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Oct 7, 2022 - 11:37:19 AM
400 posts since 4/15/2008

I have sprayed black lacquer on this peg head, then a couple coats of sander sealer, and then 6 coats of nitro lacquer. Please note the little hairline cracks in the finish that go from the top tuner holes. This has never happened to me before, so I don't know why this should happen, but I have sanded this thing down and started all over 2 or 3 times already.

Previously, the cracks didn't show up until I started final sanding, and I thought they might be forming when moisture from wet sanding worked under the lacquer via the tuner holes. This time, however, I have not begun to wet sand. I just leveled the lacquer with regular sand paper and was waiting for the lacquer to cure before proceeding. After doing that, I did not notice any cracks, but when woke up the next day, there they were.

Why is this happening?


Oct 7, 2022 - 12:25:21 PM
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181 posts since 8/31/2015
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I'm far from an expert on the finish process, but I've made a few new banjos and refin'd several guitars and I always followed the rule of sealer first, then color, then clear coat. Maybe the fact that you sprayed color first then sealer on top is causing some sort of problem? Just a guess. Others with more experience will hopefully chime in.
-TD

Edited by - TreyDBanjoKS on 10/07/2022 12:27:06

Oct 7, 2022 - 1:08:06 PM

211 posts since 5/27/2008

I've had similar cracks and I always though it was the moisture during wet sanding wicking into the wood. Since then I always seal inside the tuner hole with thin super glue on a Q tip before wet sanding. Seems to have solved my problem.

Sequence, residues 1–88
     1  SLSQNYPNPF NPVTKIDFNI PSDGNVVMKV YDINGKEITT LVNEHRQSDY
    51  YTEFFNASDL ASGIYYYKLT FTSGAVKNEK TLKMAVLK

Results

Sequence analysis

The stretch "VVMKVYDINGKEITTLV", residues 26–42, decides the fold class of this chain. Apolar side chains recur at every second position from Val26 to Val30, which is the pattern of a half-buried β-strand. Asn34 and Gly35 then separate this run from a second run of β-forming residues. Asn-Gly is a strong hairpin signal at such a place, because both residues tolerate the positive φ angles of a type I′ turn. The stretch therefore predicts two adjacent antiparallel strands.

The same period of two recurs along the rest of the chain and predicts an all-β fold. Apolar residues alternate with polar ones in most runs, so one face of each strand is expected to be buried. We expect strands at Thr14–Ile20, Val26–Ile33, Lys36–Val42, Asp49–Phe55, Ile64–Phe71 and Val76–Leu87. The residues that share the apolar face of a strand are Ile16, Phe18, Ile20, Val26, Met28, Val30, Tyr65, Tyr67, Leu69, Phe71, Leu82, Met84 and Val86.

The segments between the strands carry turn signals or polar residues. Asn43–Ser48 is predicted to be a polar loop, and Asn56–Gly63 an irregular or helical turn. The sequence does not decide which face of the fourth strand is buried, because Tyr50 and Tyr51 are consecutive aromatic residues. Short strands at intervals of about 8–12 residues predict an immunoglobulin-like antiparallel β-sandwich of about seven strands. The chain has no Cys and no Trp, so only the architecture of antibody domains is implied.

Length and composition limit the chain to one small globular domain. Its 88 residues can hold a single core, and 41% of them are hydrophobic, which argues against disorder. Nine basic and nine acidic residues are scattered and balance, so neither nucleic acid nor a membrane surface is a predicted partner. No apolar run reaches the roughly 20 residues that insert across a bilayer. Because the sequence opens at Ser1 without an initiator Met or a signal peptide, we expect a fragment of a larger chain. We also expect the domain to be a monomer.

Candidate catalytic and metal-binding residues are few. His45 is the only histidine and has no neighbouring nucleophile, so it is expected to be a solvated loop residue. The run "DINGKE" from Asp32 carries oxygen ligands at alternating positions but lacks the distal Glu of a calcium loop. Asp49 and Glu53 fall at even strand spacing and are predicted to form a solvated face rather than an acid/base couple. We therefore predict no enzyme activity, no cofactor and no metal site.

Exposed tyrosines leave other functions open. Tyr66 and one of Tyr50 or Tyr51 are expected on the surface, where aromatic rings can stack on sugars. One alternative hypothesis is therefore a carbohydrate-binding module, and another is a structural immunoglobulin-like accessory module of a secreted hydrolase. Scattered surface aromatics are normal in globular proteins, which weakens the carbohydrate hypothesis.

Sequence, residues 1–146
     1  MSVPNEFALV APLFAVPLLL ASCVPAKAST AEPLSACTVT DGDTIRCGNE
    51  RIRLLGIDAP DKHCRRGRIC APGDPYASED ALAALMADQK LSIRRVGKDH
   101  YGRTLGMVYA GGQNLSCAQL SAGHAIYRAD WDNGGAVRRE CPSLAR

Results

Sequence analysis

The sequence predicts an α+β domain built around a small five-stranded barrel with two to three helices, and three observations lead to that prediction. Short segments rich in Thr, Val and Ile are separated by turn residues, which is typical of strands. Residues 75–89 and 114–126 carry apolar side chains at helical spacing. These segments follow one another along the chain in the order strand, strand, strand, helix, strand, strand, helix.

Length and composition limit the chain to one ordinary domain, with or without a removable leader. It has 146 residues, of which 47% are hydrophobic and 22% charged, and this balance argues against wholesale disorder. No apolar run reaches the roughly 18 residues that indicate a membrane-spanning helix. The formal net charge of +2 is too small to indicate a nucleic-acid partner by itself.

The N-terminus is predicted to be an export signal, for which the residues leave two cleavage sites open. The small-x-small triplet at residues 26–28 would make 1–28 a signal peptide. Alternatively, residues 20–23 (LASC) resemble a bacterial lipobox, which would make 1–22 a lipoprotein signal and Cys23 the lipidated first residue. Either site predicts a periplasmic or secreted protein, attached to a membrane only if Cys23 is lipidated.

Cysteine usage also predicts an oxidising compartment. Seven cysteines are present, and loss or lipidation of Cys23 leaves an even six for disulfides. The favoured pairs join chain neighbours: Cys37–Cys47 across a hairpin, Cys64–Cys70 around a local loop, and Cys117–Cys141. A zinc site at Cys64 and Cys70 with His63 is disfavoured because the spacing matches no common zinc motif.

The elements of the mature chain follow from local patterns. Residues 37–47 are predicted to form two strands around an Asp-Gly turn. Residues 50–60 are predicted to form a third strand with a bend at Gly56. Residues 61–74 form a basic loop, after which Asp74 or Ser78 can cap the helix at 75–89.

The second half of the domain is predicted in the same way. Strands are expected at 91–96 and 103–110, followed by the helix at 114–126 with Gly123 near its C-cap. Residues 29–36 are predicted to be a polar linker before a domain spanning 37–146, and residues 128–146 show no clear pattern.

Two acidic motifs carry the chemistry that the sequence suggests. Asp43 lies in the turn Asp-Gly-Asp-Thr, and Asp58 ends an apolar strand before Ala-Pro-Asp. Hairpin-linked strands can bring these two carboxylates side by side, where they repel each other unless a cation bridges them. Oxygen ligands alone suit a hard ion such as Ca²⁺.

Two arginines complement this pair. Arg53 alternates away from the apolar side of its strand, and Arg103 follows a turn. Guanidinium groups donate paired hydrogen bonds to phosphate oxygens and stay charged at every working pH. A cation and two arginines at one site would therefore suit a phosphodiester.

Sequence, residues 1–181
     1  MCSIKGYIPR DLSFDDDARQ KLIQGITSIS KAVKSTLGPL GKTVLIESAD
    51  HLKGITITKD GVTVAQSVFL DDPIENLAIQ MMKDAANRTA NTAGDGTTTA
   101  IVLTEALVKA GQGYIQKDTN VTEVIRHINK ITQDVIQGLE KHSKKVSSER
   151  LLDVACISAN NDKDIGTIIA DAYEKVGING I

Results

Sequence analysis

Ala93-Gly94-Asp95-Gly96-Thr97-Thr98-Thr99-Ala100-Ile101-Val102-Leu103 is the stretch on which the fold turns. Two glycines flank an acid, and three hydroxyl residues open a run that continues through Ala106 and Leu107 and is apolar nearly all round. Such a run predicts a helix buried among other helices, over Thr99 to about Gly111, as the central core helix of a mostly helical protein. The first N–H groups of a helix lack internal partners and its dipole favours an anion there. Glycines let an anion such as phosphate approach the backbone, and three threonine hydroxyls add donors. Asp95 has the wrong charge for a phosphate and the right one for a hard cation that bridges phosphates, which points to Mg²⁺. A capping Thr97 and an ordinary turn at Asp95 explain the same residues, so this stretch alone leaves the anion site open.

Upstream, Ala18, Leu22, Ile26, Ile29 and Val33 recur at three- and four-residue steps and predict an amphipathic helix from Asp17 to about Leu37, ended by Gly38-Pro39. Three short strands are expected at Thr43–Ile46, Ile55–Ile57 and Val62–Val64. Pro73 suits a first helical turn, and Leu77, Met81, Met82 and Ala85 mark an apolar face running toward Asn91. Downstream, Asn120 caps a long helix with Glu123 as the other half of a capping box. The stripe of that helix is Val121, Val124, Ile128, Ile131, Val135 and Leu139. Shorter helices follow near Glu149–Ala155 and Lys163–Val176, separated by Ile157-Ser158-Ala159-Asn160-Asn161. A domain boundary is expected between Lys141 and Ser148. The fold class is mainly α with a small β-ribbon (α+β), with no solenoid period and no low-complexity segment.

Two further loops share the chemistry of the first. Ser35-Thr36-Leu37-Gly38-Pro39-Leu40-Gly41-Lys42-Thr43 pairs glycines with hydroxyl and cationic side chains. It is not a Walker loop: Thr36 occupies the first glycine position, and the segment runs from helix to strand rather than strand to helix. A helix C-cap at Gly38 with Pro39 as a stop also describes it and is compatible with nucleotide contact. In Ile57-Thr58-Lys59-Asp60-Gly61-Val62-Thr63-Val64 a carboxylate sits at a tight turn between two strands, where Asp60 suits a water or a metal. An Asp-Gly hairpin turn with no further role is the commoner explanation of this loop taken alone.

Edited by - notty pine on 10/07/2022 13:09:18

Oct 7, 2022 - 1:08:10 PM
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10134 posts since 8/28/2013

You may not be leaving enough drying time between the various steps (color, sealer, varnish).

Oct 7, 2022 - 5:02:32 PM
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13688 posts since 6/2/2008

I believe we're seeing scratches in the wood telegraphing through the black and all the finish coats.  If I'm right (and I could be wrong) I believe you need to take it down to wood again and re-sand to #150 or #180. Wipe the surface with mineral spirits: This will mimic what the wood will look like under sealer and will reveal if any scratches. If the wood doesn't look good, go back to sanding until it does.

Once it looks good, and after the mineral spirits evaporate, apply sanding sealer then clear coats of lacquer following whatever schedule or instructions you were using before.

Oct 7, 2022 - 5:28:24 PM

2674 posts since 9/18/2010

Finish checks can happen when a harder formulation is applied over a softer formulation. If your lacquer cures harder than the sanding sealer, checks can happen.
What info on compatibility do you have? Are all the products from the same manufacturer and are you following the manufacturers recommendation of thickness of film, cure time, order of application and so forth? Also, how old is the material, and are you stirring it up?
I've had older lacquer that's been in the shop for a while check, even though the same lacquer did not check when it was new. I assume the plasticizer in the lacquer degraded over time, but I've recently learned that lacquer plasticizers can sink to the bottom of the container, so even clear gloss lacquer should be stirred before use.